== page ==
Romania's central bank will probably leave the benchmark interest rate unchanged at 8.75% today to keep a lid on inflation as European Union membership boosts wages and investments, a survey of economists shows.
The monetary policy rate will stay at the highest level in a year, according to seven of 11 economists surveyed by Bloomberg. Three predict a cut to 8.25% and one expects a reduction to 8.5%. A decision will be issued this afternoon. The central bank seeks to reduce the inflation rate to about 4% by the end of this year from 4.9% in December. Government plans for a wider budget deficit of 2.8% of gross domestic product this year to pay for infrastructure investments may lift inflation from a near-record low of 4.9% in December.
„The inflation outlook is far from being clear and therefore it would be hard for the central bank to justify a rate cut at this stage,” Radu Craciun, head of research at ABN Amro Romania, wrote in an e-mail on February 8. Central bank Deputy Governor Cristian Popa said on January 16 that wage growth in Romania, which joined the EU on January 1, is „one of the major risks” for inflation and said interest rates are „appropriately positioned.” Average net wages in Romania rose 17.3% in the year through November 2006 to 908 lei (€200) a month. The government has predicted similar growth this year.
Economists who forecast a lower rate point to strong gains in the lei and slower inflation in the past year. December inflation was just off a 16-year low of 4.7% in November and at the lower end of the central bank's target, giving it room to cut rates, economists said. A reduction could also slow gains in the lei, which rose 16% against the dollar and 6.3% against the euro in the past year, more than all currencies except the Slovak koruna and Paraguay's guarani.
December's inflation rate compares with an average of 2.1% in the EU. Romania's National Statistics Institute is expected to release January inflation data on February 12. „We expect a rate cut of at least 50 basis points and there is a risk of a more aggressive cut,” Florin Citu, chief economist at ING Bank Romania, said in an e-mail on February 8. He cited „better than expected inflation, continuing lei appreciation, lower oil and commodity prices and no effects as of yet on consumer prices from higher wages and credit growth.”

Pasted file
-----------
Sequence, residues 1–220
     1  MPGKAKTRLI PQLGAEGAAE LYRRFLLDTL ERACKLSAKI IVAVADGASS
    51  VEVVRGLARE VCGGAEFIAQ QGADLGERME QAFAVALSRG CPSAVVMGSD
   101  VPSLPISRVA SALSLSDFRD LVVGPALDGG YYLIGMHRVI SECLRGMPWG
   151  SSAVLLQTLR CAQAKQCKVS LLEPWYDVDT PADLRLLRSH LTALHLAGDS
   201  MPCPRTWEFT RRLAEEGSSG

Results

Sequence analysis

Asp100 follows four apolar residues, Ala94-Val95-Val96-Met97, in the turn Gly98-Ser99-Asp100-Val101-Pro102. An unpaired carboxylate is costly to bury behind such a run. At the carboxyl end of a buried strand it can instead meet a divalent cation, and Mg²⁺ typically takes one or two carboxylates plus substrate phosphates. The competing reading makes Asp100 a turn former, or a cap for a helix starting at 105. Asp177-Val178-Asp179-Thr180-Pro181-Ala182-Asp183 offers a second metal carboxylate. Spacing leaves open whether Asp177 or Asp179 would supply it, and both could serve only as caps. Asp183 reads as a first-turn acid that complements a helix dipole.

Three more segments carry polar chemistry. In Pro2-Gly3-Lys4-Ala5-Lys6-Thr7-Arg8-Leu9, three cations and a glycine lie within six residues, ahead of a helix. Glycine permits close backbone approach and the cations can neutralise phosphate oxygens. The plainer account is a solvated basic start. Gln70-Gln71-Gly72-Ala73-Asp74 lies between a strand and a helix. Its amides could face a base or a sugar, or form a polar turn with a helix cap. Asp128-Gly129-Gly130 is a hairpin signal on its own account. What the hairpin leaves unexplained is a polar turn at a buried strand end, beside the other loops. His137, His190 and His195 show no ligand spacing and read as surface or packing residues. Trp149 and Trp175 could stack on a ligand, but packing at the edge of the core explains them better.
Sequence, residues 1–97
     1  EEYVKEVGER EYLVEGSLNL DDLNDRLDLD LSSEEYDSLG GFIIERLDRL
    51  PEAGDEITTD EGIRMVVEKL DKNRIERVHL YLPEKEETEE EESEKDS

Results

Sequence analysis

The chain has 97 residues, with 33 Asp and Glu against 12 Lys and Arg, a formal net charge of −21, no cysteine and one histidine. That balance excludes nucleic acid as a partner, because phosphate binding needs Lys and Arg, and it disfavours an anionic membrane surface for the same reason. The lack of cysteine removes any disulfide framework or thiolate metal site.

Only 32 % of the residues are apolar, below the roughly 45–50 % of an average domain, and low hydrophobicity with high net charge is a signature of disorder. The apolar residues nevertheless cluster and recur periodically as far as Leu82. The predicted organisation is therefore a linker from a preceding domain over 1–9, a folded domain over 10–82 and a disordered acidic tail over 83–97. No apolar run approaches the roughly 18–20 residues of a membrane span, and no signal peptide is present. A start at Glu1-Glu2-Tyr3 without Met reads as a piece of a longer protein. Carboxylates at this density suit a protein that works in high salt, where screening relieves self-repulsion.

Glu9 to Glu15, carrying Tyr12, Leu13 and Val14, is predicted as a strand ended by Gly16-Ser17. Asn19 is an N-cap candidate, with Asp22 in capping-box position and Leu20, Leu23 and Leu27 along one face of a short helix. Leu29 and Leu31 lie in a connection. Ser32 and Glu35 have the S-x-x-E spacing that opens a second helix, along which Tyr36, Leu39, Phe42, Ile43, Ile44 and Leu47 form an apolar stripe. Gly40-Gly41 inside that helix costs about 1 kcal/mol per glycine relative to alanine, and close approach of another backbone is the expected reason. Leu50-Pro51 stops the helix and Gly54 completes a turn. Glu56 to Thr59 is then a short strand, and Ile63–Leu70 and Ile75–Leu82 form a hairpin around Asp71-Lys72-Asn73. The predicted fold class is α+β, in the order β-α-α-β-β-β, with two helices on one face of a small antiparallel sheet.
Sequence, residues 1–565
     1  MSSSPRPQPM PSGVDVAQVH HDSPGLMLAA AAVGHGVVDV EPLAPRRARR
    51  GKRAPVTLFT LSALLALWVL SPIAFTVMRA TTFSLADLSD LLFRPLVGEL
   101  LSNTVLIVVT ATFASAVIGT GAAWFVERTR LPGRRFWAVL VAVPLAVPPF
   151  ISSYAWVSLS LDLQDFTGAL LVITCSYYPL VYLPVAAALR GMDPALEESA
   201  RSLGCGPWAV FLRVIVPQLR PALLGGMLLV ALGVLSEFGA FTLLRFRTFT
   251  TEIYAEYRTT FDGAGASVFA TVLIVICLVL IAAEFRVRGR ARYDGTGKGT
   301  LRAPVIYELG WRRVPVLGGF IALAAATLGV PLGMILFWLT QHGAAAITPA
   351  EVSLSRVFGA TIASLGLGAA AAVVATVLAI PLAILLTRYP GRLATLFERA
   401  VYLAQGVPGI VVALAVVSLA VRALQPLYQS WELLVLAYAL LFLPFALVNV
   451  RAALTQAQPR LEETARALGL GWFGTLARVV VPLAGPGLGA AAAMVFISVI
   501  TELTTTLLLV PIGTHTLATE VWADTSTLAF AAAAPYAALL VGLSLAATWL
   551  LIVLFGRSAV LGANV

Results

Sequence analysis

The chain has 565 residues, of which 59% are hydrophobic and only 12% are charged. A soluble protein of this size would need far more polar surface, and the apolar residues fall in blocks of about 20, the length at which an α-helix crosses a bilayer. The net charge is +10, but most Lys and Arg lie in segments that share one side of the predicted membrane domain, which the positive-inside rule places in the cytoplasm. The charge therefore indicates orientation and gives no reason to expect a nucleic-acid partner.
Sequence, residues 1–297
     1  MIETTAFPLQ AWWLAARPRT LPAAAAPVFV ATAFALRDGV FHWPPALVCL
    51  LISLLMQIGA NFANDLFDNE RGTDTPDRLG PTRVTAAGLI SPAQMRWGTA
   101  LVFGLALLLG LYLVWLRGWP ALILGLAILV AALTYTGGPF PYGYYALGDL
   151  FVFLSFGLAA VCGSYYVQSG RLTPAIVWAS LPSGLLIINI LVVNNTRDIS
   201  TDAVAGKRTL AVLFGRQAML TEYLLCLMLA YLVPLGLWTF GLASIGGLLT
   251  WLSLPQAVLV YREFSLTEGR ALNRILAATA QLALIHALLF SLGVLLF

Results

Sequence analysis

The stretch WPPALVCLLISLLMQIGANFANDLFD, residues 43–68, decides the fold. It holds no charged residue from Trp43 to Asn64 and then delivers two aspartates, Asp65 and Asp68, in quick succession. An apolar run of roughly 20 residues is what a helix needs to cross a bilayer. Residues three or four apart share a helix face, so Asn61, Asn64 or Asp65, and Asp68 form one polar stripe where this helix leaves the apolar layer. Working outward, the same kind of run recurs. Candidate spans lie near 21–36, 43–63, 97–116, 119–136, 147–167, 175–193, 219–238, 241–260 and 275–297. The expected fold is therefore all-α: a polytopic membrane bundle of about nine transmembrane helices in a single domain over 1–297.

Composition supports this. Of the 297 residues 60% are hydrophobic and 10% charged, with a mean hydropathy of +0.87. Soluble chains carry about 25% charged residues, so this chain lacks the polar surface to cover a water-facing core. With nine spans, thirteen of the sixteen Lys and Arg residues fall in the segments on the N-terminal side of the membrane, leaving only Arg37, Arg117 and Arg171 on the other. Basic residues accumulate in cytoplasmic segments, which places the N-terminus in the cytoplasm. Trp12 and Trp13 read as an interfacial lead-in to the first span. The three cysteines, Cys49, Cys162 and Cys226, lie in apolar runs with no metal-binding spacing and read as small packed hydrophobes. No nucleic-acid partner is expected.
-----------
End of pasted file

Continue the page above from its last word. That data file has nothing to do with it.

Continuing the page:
Any change to the rate in the meeting would be the first since June, when the central bank raised it a quarter percentage point. It raised the rate a full point a year ago to help slow inflation from 8.5%. The central bank uses its monetary policy rate as a benchmark to drain excess cash from commercial banks through weekly auctions of one-month deposits and monthly auctions of three-month certificates of deposit to keep lending in check.
„By lowering the interest rate to 8.25% on February 9, the central bank could send the market a much stronger signal regarding its discomfort with exchange-rate appreciation,” Ionut Dumitru, head of research at Raiffeisen Bank, wrote in an e-mail on February 5.
Corina Negut, a senior trader at Piraeus Bank Romania, predicted the central bank will lower minimum foreign exchange reserve requirements for banks to 35% from 40%, in addition to cutting the rate to 8.5%. Florian Libocor, an economist at BRD Bank - Groupe Societe Generale, said the central bank may lower minimum lei-reserve requirements to 15% from 20%, and cut the rate to 8.25%. (Bloomberg)